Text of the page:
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Figure 1: Follow-up CT image shows significant stent compression and occlusion.On axial images, stent was compressed by crossing iliac artery at ilio-caval junction (A). On curved planar images, degree of stent compression was measured with caliper and calculated as diameter of stent at narrowest/widest point (bidirectional arrows) of stent × 100%. In this patient, stent was compressed more than 50% by crossing iliac artery at ilio-caval junction (B).

Mentions: On follow-up CT venography, the degree of stent compression was assessed by calculating the percentage of diameter reduction of the stent lumen (diameter of the stent at the narrowest segment/diameter of the stent at the widest segment × 100%). According to the degree of stent compression, the limbs were categorized into either "significant" (luminal collapse at 50% or more) or "insignificant" (luminal collapse under 50%) stent compression groups. Thirty-nine of 45 patients underwent follow-up CT venography, while the remaning six patients had CT scans (which included venous phase of contrast enhancement) that had been performed for other reasons such as abdominal or pelvic pain. Two interventional radiologists reviewed the CT venography images including multi-planar or curved planar reformations which had been acquired using software for three-dimensional reconstruction (Rapidia, Infinitt, Seoul, Korea). The location of stent compression was documented (Fig. 1).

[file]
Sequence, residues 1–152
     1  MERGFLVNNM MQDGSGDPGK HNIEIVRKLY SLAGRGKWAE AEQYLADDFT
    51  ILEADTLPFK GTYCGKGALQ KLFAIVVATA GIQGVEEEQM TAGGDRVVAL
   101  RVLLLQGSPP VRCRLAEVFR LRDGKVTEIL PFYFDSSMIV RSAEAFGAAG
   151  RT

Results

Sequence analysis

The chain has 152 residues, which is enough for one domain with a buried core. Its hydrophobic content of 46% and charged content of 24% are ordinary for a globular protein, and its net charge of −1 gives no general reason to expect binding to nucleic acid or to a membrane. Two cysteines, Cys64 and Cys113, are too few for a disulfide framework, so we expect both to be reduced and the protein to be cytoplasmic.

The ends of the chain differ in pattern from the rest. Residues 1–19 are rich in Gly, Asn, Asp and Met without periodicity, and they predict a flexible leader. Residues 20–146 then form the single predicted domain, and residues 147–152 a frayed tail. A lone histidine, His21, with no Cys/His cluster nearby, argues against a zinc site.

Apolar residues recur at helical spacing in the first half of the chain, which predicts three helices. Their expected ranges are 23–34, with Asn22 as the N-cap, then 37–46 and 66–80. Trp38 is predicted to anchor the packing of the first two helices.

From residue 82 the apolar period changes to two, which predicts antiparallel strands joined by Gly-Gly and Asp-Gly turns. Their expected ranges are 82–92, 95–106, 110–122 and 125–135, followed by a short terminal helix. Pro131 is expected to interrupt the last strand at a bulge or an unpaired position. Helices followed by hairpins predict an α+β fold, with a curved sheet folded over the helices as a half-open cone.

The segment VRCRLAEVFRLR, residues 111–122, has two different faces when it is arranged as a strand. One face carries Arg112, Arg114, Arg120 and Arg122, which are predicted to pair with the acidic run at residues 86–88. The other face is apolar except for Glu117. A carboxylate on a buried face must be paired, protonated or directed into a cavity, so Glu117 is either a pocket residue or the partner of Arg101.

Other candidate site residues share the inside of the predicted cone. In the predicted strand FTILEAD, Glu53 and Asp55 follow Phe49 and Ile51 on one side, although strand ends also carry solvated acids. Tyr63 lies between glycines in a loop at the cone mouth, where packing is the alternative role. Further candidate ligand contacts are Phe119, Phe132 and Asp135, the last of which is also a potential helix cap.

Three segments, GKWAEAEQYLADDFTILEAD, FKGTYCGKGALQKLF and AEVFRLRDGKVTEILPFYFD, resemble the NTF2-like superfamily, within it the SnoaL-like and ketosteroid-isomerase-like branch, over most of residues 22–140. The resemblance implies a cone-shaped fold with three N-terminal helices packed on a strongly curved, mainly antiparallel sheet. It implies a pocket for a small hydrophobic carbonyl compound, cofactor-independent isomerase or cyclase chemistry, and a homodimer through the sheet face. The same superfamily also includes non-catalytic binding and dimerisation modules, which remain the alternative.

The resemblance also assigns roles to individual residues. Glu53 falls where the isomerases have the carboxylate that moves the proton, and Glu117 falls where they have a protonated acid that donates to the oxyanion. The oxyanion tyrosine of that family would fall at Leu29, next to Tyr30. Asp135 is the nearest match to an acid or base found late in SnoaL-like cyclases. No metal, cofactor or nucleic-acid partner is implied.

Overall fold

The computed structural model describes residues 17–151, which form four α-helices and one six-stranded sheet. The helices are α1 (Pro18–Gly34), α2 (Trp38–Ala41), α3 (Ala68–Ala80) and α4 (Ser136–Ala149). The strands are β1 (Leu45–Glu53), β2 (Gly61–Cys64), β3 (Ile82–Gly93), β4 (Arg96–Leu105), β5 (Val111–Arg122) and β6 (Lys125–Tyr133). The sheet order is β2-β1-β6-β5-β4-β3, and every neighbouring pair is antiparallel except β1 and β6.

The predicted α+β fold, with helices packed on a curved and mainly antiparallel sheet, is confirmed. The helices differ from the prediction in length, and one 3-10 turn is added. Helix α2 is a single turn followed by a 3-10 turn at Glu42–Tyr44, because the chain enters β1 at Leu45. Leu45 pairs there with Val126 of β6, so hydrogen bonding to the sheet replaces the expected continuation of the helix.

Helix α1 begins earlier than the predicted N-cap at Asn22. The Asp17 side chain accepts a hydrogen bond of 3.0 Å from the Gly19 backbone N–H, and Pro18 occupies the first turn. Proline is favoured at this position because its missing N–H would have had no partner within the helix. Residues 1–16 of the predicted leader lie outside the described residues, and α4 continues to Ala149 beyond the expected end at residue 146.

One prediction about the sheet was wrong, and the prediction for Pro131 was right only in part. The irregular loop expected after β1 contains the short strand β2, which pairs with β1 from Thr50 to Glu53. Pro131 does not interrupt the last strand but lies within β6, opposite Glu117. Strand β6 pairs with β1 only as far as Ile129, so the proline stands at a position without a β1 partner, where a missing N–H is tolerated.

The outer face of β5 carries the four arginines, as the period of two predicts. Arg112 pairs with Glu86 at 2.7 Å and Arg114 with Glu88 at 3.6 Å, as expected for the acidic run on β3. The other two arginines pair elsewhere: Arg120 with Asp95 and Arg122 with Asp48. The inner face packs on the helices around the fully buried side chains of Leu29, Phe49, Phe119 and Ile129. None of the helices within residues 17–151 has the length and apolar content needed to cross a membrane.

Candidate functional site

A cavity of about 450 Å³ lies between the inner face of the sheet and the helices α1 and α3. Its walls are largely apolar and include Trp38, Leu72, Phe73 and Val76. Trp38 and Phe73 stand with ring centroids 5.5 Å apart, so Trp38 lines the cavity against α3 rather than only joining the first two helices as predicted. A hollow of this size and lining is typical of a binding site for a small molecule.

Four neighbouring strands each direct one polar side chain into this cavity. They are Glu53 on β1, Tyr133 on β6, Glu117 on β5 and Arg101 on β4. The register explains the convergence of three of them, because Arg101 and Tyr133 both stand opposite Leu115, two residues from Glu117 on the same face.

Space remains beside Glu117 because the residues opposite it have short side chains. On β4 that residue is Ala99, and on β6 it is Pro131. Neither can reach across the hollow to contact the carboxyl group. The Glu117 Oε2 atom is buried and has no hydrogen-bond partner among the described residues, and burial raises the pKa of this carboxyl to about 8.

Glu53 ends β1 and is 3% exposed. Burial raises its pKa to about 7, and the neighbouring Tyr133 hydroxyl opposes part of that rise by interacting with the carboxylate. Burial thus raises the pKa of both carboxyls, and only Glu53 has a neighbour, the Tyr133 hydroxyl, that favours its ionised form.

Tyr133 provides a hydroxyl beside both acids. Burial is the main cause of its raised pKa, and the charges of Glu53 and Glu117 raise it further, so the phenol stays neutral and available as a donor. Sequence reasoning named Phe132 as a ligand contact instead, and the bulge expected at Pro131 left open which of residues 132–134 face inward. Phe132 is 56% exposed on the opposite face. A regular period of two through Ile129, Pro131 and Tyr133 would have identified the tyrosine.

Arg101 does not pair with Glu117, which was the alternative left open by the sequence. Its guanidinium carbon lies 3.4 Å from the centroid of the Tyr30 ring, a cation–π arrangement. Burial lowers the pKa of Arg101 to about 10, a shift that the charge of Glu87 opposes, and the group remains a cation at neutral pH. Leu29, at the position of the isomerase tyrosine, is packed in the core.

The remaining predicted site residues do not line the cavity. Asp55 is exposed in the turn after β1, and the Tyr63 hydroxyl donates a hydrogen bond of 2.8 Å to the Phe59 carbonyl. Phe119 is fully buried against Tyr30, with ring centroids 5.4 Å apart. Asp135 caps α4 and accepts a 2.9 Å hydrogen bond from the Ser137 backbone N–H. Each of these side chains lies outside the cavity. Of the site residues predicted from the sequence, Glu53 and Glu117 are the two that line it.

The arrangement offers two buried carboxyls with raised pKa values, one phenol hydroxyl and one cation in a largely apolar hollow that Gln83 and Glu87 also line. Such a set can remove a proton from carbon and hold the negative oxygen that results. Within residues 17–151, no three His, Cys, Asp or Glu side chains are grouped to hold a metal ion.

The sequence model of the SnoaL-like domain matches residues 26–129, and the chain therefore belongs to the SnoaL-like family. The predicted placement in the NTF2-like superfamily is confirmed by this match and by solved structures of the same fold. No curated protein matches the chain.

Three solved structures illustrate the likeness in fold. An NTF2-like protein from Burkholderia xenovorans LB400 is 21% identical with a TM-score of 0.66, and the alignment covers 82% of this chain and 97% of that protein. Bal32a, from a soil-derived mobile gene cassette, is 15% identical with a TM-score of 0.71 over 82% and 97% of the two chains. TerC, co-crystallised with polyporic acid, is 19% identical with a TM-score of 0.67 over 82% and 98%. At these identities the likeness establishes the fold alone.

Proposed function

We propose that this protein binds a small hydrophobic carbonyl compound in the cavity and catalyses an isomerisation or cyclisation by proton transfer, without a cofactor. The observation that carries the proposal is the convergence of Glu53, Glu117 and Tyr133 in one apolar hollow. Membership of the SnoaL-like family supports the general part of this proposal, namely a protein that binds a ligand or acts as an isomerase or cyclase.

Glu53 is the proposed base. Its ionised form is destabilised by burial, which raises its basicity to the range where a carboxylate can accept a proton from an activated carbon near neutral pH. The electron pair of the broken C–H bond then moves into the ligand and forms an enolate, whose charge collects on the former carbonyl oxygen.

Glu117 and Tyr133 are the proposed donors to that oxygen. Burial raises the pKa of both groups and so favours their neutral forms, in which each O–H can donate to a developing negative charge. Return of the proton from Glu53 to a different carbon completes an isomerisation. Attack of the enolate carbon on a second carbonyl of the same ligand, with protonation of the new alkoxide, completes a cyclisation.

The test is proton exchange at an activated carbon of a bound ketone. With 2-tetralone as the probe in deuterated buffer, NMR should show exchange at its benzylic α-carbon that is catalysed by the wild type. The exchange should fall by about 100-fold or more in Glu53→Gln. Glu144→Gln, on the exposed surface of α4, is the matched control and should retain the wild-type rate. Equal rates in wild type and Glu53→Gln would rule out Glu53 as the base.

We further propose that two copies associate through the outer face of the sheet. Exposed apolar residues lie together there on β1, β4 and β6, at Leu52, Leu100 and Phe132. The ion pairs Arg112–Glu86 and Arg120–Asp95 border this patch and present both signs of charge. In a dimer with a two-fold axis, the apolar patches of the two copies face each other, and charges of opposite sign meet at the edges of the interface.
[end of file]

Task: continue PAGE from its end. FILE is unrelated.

Stent Compression in Iliac Vein Compression Syndrome Associated with Acute Ilio-Femoral Deep Vein Thrombosis.

Cho H, Kim JW, Hong YS, Lim SH, Won JH - Korean J Radiol (2015)

Follow-up CT image shows significant stent compression and occlusion.On axial images, stent was compressed by crossing iliac artery at ilio-caval junction (A). On curved planar images, degree of stent compression was measured with caliper and calculated as diameter of stent at narrowest/widest point (bidirectional arrows) of stent × 100%. In this patient, stent was compressed more than 50% by crossing iliac artery at ilio-caval junction (B).
© Copyright Policy - open-access
Related In: Results  -  Collection

License
Show All Figures
getmorefigures.php?uid=PMC4499535&req=5

Figure 1: Follow-up CT image shows significant stent compression and occlusion.On axial images, stent was compressed by crossing iliac artery at ilio-caval junction (A). On curved planar images, degree of stent compression was measured with caliper and calculated as diameter of stent at narrowest/widest point (bidirectional arrows) of stent × 100%. In this patient, stent was compressed more than 50% by crossing iliac artery at ilio-caval junction (B).